Thursday, May 23, 2013

"a damaging setback for press freedom in the United States"



Via Committee To Protect Journalists

May 21, 2013
Attorney General Eric Holder
Deputy Attorney General James Cole
U.S. Department of Justice
950 Pennsylvania Avenue, NW
Washington, DC 20530-0001

Via fax

Dear Attorney General Holder and Deputy Attorney General Cole:

The Committee to Protect Journalists was founded 32 years ago to fight for the rights of journalists around the world and defend their ability to report the news without fear of reprisal. Throughout our history our work has exposed abuses committed against frontline journalists covering conflict or working in repressive societies.

Our board of directors rarely has seen the need to raise its collective voice against U.S. government actions that threaten newsgathering. Today, however, we do see that need: We write you to vigorously protest the secret seizing of phone records of The Associated Press. The overly broad scope of the secret subpoena and the lack of notification to the AP by the Justice Department represent a damaging setback for press freedom in the United States.

We share the concerns of the AP, as expressed in a letter sent to you by President and CEO Gary Pruitt, and join the organization in demanding the confiscated materials be returned and the originals destroyed. (We note, for your information, that AP Executive Editor Kathleen Carroll is vice chairman of CPJ's board of directors).

The actions of your department undermine press freedom in this country. Just as troubling, they set a terrible example for the rest of the world, where governments routinely justify intervention in the media by citing national security.

We note, for example, that President Obama met Thursday with Prime Minister Erdoğan of Turkey, where at least 47 journalists--more than any country in the world--are jailed, mostly on national security-related charges. In meetings with his counterparts from repressive countries, President Obama should be able to press these issues and point to the United States as a country that has not sacrificed its deeply rooted commitment to press freedom in the name of national security. Sadly, the Justice Department's actions make it more difficult for the president to make that case.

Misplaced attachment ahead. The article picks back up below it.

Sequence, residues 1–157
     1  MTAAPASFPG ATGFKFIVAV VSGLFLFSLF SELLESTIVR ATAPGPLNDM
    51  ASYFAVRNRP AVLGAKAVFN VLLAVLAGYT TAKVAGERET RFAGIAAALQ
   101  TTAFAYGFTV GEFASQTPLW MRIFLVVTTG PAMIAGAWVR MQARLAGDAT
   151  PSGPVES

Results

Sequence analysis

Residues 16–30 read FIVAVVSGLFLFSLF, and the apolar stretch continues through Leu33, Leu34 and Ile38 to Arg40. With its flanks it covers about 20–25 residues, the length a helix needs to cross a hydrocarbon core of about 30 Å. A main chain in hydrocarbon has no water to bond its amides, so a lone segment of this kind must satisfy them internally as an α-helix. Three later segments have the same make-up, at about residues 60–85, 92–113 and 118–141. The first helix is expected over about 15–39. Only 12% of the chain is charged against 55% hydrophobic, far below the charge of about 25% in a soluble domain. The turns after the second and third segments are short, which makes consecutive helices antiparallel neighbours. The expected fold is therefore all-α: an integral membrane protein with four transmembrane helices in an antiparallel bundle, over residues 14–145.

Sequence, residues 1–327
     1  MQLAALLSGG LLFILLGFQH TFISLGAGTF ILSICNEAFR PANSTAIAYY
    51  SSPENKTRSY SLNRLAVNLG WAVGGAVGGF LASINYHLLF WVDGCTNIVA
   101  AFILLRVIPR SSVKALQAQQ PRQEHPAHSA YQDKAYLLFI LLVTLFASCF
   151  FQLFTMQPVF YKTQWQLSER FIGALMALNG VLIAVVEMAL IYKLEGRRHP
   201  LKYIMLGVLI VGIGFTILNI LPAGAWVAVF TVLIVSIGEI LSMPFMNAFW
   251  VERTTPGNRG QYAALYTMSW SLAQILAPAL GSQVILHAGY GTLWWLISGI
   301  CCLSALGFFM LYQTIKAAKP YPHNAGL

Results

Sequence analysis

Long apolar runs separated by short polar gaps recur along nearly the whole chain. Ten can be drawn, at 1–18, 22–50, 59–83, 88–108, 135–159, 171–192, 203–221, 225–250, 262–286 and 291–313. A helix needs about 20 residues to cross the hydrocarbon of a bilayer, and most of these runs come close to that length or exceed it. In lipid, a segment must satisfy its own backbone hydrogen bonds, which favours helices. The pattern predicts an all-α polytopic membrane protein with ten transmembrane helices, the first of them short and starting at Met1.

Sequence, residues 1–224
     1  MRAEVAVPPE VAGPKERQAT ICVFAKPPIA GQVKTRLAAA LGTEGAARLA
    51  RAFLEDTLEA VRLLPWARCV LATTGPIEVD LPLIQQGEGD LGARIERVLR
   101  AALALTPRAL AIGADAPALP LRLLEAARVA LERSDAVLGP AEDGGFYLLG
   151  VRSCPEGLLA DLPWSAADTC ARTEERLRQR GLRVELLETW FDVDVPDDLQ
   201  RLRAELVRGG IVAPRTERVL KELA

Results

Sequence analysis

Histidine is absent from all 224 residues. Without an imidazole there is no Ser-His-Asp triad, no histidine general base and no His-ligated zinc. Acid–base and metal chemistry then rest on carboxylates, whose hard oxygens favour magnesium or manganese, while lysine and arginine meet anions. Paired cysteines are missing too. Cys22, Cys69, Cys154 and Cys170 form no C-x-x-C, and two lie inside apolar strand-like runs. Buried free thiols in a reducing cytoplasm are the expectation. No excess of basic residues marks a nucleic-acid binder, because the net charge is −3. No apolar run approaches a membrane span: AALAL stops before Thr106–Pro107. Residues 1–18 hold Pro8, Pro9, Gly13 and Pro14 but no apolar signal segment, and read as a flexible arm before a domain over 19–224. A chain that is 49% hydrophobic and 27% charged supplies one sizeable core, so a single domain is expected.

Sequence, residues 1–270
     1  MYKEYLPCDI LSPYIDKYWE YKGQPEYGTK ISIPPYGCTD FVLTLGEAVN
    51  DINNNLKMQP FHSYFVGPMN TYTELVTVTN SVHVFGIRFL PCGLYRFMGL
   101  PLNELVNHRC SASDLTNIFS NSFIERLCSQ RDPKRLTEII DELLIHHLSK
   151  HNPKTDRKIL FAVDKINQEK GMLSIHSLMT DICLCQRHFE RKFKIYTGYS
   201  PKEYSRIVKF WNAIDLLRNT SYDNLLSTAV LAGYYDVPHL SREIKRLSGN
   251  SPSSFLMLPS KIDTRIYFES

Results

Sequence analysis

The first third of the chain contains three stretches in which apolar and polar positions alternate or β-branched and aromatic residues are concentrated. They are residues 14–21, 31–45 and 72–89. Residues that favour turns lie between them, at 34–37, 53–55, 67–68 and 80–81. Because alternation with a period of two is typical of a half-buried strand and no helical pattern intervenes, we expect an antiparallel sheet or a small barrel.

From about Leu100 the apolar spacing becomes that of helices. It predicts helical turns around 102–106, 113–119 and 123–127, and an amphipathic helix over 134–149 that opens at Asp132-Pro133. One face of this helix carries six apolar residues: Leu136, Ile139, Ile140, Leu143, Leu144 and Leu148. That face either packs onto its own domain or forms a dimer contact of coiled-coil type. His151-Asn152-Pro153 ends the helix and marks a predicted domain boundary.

We urge you to take immediate steps to ensure that the press is able to carry out its critical function without further unnecessary government intrusion. We ask that the confiscated phone records be returned to the AP and that you take action to guarantee that any future efforts to obtain phone records or other information essential to newsgathering is communicated to the news organization in advance so that the action can be challenged in court as justice demands.

Sincerely,

Sandra Mims Rowe
CPJ Chairman
Andy Alexander
Franz Allina
Christiane Amanpour
ABC News/CNN International
Terry Anderson
CPJ Honorary Chairman
Tom Brokaw
NBC News, CPJ Advisory Board
John S. Carroll
Rajiv Chandrasekaran
The Washington Post
Sheila Coronel
Columbia University Graduate School of Journalism
Gerry Fabrikant
The New York Times
Josh Friedman
Columbia University Graduate School of Journalism
Anne Garrels
Arianna Huffington
AOL Huffington Post Media Group
Steven Isenberg
CPJ Advisory Board
Jonathan Klein
Getty Images
Jane Kramer
The New Yorker
Mhamed Krichen
Al-Jazeera
Lara Logan
CBS News
Rebecca MacKinnon
David Marash
CPJ Advisory Board
Kati Marton
Michael Massing
Victor Navasky
The Nation
Andres Oppenheimer
The Miami Herald
Clarence Page
Chicago Tribune
Erwin Potts
CPJ Advisory Board
Gene Roberts
Philip Merrill College of Journalism, University of Maryland
María Teresa Ronderos
Semana.com
David Schlesinger
Paul Steiger
ProPublica, CPJ Advisory Board
Jacob Weisberg
The Slate Group
Mark Whitaker
Matt Winkler
Bloomberg News